This question actually comes up a lot. With the new managed storage it’s less of an issue as Managed storage takes care of the high availability for you
when you are building your storage accounts. However if you are still manually building storage accounts, or you have older systems in Azure that either uses classic storage accounts, or manually created storage accounts in Resource Manager (basically not managed storage) then you have to take care of this yourself. Doing this is fairly easy, but it requires a little checking and manual work to do this.
Setting this up requires an understanding of how to Azure backend is working. You’ve probably heard by now that Azure keeps three copies of all data which is uploaded to it. This is true, but that isn’t the HA that I’m talking about in this post. What I’m talking about here is if there are two members of an availability group, web farm, etc. Azure storage accounts are created on what is known as stamps. A stamp is basically the physical hardware the sits under VMs and storage accounts. The trick is to make sure that the storage accounts are on different stamps. Now there’s no way to do this in the Azure portal, or with PowerShell. The upside to all this is that it’s all still pretty easy to do. All it takes to see if your storage accounts are on different stamps is a DOS window.
Each storage account has a public name, and an IP address to go with it. Each stamp has an IP address. Looking at the IP of the storage account will tell you if storage accounts are on different stamps or the same one. If the storage accounts are on different stamps, then the VMs that use the storage accounts will be highly available. Looking at the storage accounts behind the two MySQL servers that run the www.dcac.co website (see the image) we can see that the IP addresses for the storage accounts are different, which means that they are on different stamps.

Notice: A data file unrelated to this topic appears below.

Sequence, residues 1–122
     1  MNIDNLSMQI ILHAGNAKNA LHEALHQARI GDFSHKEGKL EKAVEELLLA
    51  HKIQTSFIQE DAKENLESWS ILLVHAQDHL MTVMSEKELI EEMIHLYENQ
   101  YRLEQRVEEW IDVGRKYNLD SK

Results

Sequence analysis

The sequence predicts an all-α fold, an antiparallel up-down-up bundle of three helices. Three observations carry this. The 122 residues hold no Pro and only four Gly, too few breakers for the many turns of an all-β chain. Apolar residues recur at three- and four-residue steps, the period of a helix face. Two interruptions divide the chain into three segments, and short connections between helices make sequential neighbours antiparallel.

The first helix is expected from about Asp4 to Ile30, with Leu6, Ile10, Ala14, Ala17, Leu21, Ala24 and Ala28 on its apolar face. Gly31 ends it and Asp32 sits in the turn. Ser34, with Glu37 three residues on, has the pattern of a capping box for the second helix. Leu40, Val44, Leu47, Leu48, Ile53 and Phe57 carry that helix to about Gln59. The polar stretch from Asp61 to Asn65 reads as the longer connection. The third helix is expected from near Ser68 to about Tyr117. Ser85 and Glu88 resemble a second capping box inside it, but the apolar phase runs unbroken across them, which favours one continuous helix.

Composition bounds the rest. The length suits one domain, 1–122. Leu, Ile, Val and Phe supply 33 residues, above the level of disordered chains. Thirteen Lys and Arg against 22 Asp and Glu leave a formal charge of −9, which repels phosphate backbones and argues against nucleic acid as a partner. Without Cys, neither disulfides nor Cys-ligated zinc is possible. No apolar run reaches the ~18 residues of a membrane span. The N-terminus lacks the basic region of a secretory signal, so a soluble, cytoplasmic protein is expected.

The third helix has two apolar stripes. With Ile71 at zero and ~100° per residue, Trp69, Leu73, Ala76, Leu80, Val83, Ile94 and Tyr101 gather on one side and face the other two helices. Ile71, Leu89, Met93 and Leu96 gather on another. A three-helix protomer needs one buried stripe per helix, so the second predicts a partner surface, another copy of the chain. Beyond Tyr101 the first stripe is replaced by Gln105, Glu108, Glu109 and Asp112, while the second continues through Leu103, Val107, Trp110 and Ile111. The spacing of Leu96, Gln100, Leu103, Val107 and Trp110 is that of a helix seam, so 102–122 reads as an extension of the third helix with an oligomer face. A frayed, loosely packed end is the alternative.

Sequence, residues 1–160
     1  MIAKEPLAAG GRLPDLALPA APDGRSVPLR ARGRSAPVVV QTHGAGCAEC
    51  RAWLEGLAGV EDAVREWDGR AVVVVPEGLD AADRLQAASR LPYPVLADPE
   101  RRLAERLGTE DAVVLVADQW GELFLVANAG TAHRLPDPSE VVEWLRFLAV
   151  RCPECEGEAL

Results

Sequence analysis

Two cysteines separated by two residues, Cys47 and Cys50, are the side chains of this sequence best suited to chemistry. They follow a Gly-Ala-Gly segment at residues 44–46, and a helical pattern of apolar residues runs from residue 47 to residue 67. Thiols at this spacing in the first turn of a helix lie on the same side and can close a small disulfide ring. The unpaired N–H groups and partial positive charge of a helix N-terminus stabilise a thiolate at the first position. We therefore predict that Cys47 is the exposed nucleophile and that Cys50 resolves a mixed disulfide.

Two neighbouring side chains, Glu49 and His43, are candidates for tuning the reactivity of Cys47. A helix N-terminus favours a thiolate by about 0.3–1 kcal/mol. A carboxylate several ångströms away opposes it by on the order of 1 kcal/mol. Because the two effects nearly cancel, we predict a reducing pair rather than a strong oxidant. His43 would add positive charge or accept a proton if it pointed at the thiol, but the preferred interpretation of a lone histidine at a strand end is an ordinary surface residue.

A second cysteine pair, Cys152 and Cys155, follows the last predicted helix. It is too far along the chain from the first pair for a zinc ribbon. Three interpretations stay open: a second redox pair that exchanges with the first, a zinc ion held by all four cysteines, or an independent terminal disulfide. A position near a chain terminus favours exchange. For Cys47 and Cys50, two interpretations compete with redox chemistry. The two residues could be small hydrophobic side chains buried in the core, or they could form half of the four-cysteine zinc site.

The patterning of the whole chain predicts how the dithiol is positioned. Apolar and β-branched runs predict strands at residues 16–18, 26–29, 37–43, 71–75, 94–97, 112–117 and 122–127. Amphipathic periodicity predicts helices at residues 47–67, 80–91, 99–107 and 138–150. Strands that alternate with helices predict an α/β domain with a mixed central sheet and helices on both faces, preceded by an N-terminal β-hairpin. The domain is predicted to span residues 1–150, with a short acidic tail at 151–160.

If when you check the storage accounts the IP addresses match, fixing the problem is pretty straightforward. You have to delete the storage account and recreate it. Odds are it’ll be created on a new stamp; if it isn’t, delete the storage account and wait a few minutes and create the storage account again. That should cause the storage account to be created on another stamp and give you the high availability that you’re looking for.
The post How do I get High Availability in my Azure Storage Accounts? appeared first on SQL Server with Mr. Denny.
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